Given a HTML Element object, is it possible to add the same style property twice to it without having to resort to string manipulation?
Consider the following examples:
<div style="width: 90%; width: calc(100% - 5em);"></div>
<h1 style="font-weight: bold; font-weight: 800;"></h1>
<p style="color: #cccccc; color: rgba(255, 255, 255, 0.8);"></p>
element.style.color = "blue"
I guess this is because of the way CSS cascading works.
Specificity is the means by which browsers decide which CSS property values are the most relevant to an element and, therefore, will be applied. When specificity is equal to any of the multiple declarations, the last declaration found in the CSS is applied to the element. Specificity only applies when the same element is targeted by multiple declarations. Source: https://developer.mozilla.org/en-US/docs/Web/CSS/Specificity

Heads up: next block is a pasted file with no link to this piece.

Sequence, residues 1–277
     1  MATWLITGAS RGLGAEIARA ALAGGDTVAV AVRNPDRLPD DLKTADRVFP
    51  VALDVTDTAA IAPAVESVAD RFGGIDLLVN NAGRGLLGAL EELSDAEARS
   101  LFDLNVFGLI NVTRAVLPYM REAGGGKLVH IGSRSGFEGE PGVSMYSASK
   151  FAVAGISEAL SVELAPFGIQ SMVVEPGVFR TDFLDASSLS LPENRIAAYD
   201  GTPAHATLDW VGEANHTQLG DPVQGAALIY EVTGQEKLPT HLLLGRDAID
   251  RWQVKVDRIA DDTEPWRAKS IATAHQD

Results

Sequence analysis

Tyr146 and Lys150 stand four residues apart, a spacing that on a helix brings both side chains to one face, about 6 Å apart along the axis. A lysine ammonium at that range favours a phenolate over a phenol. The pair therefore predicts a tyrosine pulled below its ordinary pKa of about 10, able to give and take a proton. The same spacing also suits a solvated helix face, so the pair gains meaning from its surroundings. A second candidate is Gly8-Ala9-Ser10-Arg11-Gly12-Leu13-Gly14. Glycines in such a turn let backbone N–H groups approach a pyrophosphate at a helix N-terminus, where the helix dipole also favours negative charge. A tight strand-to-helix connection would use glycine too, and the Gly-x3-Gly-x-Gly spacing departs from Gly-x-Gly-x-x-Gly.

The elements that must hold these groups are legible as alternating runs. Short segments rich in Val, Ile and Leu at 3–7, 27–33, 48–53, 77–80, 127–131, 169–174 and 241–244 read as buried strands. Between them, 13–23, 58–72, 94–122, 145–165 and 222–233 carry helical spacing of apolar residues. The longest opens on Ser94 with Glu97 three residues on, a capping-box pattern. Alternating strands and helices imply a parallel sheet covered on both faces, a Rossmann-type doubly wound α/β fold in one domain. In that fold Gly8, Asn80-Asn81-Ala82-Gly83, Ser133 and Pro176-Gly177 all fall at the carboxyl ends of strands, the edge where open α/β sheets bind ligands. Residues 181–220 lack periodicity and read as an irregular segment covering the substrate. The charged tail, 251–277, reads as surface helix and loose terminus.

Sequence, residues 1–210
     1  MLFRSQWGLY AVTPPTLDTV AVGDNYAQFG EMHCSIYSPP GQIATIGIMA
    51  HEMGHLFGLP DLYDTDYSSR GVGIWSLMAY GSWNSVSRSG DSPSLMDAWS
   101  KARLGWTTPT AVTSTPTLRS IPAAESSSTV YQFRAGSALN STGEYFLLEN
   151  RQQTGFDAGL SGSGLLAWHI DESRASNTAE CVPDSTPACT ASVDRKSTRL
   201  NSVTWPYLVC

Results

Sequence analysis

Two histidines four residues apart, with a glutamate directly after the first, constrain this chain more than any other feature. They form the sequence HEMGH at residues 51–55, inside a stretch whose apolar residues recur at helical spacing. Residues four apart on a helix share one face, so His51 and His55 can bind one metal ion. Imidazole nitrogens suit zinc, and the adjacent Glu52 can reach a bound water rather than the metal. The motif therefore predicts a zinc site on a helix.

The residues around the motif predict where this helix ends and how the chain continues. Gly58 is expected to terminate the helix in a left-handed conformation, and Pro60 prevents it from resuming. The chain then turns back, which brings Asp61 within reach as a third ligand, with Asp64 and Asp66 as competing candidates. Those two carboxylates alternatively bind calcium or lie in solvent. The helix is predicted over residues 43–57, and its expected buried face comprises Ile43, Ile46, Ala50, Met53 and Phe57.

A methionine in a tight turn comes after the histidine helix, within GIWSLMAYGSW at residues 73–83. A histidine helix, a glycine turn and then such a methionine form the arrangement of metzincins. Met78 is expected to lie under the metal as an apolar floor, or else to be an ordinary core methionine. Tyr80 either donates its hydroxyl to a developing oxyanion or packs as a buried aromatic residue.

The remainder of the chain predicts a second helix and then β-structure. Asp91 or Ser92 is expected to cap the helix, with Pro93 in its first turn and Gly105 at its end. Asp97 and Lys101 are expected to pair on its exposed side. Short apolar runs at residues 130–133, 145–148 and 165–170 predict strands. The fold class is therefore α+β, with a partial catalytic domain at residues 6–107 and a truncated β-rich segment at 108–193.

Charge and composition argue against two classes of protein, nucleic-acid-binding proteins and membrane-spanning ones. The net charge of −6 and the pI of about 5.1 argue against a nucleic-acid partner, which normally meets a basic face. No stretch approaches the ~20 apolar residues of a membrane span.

So when you add the same
property twice in the
.style.setProperty("propertyName", "propertyValue") or
element.style.propertyName = "propertyValue". is to overwrite the same property if it already exists, instead of adding a new one.